Analysts were predicting a minus 3.3% change in PPI for Switzerland, the worse since 2009: Lower figure plunges stocks.
The Swiss20 index that tracks the performance of the 20 largest and most liquid stocks based in the Swiss Exchange, making up 85% of the Swiss equity market, felt the pressure of expectation on factory output prices on Monday morning. However, the figure was worse than predicted at actual -3.6% compared to -2.7% previous month. The monthly figure is for year on year and recorded the largest negative reading since November 2009.
In response to forward expectations, the Swiss 20 fell by 1.5% in a reverse move from the steady gains that Swiss companies have made since the crash of the CHF on 15 January when the Swiss Central Bank broke the bond between the franc and the euro catapulting CHF up by 15% against a basket of currencies. Since February the Swiss franc has got weaker against the euro, but is still seen as ‘overweight’.
The Producer Price Index (PPI) is a leading indicator of consumer price inflation, accounting for the majority of overall inflation. A fall in PPI tends to effect consumer confidence and the figure reported Monday morning regarding January’s Retail Sales, year on year, attests to this correlation with sales down by 0.3%, versus an expectation of +2.6% and previous of +1.9%.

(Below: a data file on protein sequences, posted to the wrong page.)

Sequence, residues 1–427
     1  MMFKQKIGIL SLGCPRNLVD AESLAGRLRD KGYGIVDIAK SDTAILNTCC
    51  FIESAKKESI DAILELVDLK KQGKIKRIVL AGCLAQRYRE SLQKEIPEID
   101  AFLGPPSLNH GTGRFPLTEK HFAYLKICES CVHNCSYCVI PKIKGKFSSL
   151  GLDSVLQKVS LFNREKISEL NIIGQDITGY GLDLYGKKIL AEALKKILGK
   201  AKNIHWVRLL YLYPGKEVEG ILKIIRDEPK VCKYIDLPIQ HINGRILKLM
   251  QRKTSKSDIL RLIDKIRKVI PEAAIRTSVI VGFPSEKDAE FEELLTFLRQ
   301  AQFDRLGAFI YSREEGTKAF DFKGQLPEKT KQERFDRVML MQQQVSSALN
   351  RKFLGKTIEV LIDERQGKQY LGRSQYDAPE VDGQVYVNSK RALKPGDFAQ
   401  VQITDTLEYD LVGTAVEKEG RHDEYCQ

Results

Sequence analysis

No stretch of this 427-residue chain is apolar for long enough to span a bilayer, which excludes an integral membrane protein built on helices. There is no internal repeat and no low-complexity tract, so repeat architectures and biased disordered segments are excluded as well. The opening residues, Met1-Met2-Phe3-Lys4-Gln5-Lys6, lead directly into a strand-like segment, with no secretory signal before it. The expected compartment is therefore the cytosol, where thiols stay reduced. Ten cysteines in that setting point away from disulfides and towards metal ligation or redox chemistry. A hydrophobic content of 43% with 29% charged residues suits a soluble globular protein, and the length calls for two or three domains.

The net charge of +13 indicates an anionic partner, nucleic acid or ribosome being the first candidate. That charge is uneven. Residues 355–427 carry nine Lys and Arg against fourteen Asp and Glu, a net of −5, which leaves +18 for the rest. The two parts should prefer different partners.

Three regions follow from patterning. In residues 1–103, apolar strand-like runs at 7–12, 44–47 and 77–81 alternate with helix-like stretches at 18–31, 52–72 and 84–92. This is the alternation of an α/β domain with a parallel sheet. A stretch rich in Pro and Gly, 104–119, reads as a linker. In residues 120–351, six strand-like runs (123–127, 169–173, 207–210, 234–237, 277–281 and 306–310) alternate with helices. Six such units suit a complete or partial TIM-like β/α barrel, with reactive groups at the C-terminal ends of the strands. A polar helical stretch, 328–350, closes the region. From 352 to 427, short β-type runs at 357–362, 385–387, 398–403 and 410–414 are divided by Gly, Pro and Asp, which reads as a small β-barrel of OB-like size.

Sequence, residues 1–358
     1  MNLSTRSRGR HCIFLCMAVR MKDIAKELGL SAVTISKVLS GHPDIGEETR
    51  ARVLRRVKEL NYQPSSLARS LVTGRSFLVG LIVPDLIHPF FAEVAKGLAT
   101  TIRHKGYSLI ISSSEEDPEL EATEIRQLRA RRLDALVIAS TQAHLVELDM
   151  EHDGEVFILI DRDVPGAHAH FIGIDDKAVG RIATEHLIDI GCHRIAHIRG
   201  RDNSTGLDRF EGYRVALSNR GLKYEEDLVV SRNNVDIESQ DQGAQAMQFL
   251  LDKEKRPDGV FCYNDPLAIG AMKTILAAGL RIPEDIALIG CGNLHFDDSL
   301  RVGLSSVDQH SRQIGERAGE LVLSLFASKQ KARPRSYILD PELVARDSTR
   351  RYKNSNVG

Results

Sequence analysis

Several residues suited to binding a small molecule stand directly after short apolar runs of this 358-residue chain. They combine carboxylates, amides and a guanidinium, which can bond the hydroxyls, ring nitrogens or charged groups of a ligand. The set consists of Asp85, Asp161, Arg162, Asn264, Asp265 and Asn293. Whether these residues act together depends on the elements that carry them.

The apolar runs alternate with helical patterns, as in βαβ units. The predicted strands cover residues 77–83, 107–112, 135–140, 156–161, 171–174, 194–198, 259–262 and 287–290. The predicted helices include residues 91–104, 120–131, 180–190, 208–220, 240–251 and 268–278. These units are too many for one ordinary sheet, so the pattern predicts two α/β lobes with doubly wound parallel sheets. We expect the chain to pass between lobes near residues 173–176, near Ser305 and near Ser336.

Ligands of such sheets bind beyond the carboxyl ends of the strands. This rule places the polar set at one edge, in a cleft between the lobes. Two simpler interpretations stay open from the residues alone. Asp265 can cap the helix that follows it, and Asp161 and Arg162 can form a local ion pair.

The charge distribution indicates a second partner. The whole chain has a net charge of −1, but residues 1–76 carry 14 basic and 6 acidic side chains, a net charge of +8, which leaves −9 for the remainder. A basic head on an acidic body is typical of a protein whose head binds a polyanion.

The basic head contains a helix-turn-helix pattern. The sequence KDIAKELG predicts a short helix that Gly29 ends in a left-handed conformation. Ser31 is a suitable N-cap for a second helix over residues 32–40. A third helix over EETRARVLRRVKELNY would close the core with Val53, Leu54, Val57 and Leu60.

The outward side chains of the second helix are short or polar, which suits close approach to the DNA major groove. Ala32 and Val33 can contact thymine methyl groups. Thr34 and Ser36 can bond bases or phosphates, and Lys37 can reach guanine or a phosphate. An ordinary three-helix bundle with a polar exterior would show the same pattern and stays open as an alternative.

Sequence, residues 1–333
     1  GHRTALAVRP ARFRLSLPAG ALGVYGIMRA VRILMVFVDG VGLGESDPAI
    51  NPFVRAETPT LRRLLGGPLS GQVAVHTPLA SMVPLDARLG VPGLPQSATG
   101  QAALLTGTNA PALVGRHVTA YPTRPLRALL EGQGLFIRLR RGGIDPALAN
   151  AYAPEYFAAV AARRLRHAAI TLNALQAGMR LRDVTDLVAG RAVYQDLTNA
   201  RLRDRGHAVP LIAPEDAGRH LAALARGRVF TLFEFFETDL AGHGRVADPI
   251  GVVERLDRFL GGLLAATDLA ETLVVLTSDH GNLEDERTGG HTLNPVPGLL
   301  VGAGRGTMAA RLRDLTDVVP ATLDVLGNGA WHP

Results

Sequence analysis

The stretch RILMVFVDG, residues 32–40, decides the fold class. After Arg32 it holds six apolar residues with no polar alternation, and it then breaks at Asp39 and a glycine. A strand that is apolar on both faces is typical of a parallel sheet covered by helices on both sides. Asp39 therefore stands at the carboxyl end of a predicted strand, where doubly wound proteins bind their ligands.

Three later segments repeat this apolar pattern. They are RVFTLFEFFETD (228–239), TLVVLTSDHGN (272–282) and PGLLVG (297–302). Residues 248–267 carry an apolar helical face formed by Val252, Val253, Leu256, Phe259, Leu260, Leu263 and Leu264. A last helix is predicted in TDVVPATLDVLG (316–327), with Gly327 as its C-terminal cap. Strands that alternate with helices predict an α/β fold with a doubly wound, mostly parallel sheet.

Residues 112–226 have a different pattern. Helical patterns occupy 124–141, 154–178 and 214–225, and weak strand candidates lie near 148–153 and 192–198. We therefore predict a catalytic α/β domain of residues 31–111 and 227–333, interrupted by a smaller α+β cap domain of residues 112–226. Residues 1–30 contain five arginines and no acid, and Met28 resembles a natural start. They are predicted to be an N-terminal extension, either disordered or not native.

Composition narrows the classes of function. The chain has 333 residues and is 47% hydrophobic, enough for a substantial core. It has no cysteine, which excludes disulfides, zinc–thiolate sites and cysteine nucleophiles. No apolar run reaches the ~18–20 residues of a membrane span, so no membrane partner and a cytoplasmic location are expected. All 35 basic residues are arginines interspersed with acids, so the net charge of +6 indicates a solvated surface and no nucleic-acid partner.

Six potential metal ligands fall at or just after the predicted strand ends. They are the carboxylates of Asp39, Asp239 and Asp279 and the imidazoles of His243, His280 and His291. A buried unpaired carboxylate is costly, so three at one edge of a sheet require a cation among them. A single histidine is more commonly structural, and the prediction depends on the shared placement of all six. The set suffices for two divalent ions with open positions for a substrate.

The month on month figure for PPI will be the deciding factor for currency movement with Monday’s figure for January at -1.4% versus a more positive expectation of 0.4% and well below the previous figure of -0.6%.
Currently sitting on a negative interest rate of -0.75%, The Swiss National Bank have a meeting planned this Thursday to discuss any hike in the rate. However, Bloomberg News reports 21 of 26 economists surveyed (survey taken March 6-13) predicting that the rate will remain the same, and that 15 economists see SNB avoiding further cut for rest of 2015.
MT4 Chart: Swiss20
Trade indices CFDs on STOCK.com with full training given to all clients